She said, five days after the event, that her left ear still bled.
Chasing money, many have regrettably discovered, is like playing hide and seek with the ghost of Houdini. In Nigeria in particular, money continues to play hard to get with tens of millions of us that the country’s dismaying status as the global capital of involuntary austerity seems quite inescapable, or maybe even destined. Yet, right here in Lagos, there’s a young lady — intrepid, resolute — who has assigned herself the task of coaching a new generation of Nigerians on how to play this game of show me the money and win. This lady, her name is Oluwatosin Olaseinde, Tosin …
Last Wednesday, Falz the Bahd Guy, aka Folarin Falana, roared at the government. He was live on Instagram. Hair dyed pink. Beard. Black T-shirt. Brisk.
When somebody famous dies, Twitter and Facebook go crazy with philosophy. “This Life.” “What a life.” “Life is short.”
It’s a beautiful thing, Toke Makinwa’s new vibrant scarf. It would remind you of a classic design by the prestige fashion house Hermés.
When the letter speaking ill of the dead and bearing the name and signature of former president Olusegun Obasanjo materialised on social media last weekend, the question was, Is this fake? But while we raked the internet for evidence, we also knew that, despite the scandalising content of the letter, it wouldn’t be out of place for it to have actually been penned by OBJ himself.
James Altucher has no filter. He exposes everything that has ever happened to him to absolute strangers on the Internet. He talks about his first divorce, he talks about his second divorce, and he won’t stop talking about his many financial failures. There was that time he moved into Hotel Chelsea in New York City, with a troupe of colourful characters as neighbours; and that other time he sold all his belongings so he could relocate into a duffle bag. James Altucher is an American businessman and writer who blogs about every single thing. He’s also Jewish.
In the past 15 years as a writer and consultant, I’ve worked with a number of private university graduates. The best ones are from Covenant and Babcock. Enterprising, entrepreneurial, high capacity to think fast, creative. You know what their schools have in common? They are owned by churches. Churches, especially the successful ones with tens of thousands of members, seem to be unable to spare any expense as they build their facilities and hire faculty.
Nobody does apology tours in Nigeria- this is not America. We just laugh about whatever the issues are, debate them vigorously on Twitter and click “NEXT!” But this time around, D’Banj’s rape accusation, the attendant mess that seized the blogs, and the eventual withdrawal of charges against him has become a hotchpotch of blemish that appears to be impossible to wash out of the fabric of his reputation.
Lindaikejisblog.com is no longer on Alexa’s top 10 list of sites in Nigeria. For about a decade it was there at the top and only got pushed down when the likes of Naij.com first burst onto the Nigerian media scene. At the time, you’d also find Bella Naija and YNaija on the top 10. Now, none of these blogs are in the top 20. So what happened to Linda Ikeji?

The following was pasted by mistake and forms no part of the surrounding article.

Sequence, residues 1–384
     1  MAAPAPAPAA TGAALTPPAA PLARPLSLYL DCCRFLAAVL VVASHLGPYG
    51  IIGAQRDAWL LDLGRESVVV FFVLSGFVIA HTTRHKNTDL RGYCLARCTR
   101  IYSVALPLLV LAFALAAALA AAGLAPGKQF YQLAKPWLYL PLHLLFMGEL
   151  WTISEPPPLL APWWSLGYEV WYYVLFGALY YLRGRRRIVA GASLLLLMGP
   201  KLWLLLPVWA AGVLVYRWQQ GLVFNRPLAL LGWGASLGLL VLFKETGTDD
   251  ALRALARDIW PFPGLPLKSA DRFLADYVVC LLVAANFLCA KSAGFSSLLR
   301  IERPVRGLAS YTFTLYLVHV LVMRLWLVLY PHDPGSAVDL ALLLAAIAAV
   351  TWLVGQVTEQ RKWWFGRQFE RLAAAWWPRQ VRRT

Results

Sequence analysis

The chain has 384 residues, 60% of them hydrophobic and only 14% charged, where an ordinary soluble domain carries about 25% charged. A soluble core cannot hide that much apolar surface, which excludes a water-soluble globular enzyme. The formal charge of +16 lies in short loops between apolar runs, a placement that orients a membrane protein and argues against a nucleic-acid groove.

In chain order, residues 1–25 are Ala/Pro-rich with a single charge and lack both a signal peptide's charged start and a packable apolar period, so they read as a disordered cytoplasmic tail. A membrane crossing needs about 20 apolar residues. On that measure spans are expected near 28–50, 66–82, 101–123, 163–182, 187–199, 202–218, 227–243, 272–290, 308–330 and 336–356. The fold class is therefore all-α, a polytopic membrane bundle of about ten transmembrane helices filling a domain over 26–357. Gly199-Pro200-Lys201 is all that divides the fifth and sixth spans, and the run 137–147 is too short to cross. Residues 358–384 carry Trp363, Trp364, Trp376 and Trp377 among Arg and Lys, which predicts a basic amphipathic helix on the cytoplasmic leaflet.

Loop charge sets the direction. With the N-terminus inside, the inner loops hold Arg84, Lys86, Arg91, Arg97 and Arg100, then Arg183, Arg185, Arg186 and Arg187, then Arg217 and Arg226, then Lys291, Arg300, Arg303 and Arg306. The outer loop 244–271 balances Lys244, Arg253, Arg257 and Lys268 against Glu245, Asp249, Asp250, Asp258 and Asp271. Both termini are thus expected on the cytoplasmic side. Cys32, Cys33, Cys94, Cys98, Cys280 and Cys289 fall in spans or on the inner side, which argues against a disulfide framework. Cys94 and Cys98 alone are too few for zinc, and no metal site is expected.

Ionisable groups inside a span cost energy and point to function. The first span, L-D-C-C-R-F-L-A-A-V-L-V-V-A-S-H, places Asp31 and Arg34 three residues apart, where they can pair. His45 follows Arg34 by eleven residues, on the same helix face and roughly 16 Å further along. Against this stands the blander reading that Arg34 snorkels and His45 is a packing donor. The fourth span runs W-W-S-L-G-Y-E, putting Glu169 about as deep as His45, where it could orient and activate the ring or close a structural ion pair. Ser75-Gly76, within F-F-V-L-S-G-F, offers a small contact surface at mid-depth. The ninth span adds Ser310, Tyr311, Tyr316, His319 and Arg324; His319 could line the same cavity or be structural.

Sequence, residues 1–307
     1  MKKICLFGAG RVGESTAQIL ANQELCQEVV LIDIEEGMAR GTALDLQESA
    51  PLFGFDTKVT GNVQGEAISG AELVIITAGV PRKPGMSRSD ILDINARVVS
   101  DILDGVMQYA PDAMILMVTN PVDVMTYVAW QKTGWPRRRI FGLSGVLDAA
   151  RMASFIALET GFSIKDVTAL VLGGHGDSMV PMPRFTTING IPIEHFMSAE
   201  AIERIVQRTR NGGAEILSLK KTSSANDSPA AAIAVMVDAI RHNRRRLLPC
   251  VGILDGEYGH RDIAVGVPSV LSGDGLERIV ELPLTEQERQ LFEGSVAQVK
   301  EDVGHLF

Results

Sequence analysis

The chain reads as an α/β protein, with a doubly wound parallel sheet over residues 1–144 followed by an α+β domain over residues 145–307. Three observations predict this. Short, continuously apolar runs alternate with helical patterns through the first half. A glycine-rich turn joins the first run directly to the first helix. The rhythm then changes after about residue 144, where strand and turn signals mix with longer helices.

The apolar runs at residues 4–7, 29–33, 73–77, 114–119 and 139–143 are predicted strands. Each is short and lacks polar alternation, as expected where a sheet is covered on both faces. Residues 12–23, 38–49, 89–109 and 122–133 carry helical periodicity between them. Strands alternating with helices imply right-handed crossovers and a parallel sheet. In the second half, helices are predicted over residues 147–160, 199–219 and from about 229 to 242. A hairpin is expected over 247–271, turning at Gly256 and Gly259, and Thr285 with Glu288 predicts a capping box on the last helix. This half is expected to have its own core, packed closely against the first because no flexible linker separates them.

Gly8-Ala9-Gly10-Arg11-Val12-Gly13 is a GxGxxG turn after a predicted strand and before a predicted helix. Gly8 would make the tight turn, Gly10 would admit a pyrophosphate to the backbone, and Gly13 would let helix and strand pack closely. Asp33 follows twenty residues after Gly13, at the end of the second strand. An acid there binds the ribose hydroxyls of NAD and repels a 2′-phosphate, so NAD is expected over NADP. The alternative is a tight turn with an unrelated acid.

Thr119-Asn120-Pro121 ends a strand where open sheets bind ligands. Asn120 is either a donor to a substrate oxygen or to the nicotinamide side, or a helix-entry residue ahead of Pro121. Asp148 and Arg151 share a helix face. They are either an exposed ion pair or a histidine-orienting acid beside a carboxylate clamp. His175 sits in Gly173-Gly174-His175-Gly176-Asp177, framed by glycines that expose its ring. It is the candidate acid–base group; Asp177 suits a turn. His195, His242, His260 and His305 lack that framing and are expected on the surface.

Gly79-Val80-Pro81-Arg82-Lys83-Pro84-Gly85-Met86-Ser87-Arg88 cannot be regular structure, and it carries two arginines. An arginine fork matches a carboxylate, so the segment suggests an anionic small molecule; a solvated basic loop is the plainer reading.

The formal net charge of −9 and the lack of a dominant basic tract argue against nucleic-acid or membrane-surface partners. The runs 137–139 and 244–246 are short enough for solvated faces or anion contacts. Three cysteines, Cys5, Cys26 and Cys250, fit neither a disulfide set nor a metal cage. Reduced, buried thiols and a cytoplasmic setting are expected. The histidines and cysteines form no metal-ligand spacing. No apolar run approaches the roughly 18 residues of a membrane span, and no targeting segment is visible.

A tiktok video went viral last week that spontaneously got some major celebrities vexed. Here’s a quote from the video: “AND THESE PEOPLE (MARIAH CAREY AND NICK CANNON) ARE AWFUL. I HAD TO DEAL WITH BOTH OF THEM SEPARATELY. SHE IS AN ABSOLUTE DIVA AND HE IS AN ABSOLUTE DIVA AND I HOPE THAT NO CAST MEMBER HAS TO DEAL WITH THESE MONSTERS EVER AGAIN.”
I asked a friend the other day what he thought of Senator Dino Melaye’s new house—the gilded one whose photograph the Kogi politician recently posted on Instagram. My friend, who is reputed to possess an excellent taste in aesthetic design, said, Nah, it’s too loud.
One afternoon in 2005, my boss and I stood in the vast newsroom of The Guardian and watched time whizz by. It was 4,5pm-ish. The reporters were back, as usual, sliding across the glazed floor, nearly crashing into the concrete, to rush their stories to the typists and graphic designers who would set the pages for the next day. At this moment, my eyes were locked on a certain senior correspondent—there was something about his tie.
He doesn’t even know it, but Naira Marley is a cult leader. All of a sudden, there’s an army of Nigerians all over the world calling themselves Marlians. They follow the philosophy of the Great One aka Afeez Fashola, who is only 25 years old. Their doctrine, it appears, is smoke a bouyant amount of weed, rage against the authorities, have a lot of sex, and secure the bag aka naira.
Okay, that’s reckless hyperbolism. My grand arrival in that famed continental magazine was anything but sudden. That story took me all of three weeks, plus a couple of extra sleepless nights—factoring in interviews, research, transcriptions, rewrites, edits, and reverts. But one day, just as I languished in one of those Lagos traffic jams on Alfred Rewane Road, Ikoyi, I saw Ayeni Adekunle and Steve Babaeko on the cover of Forbes Africa and I was like, Wait, that’s my story.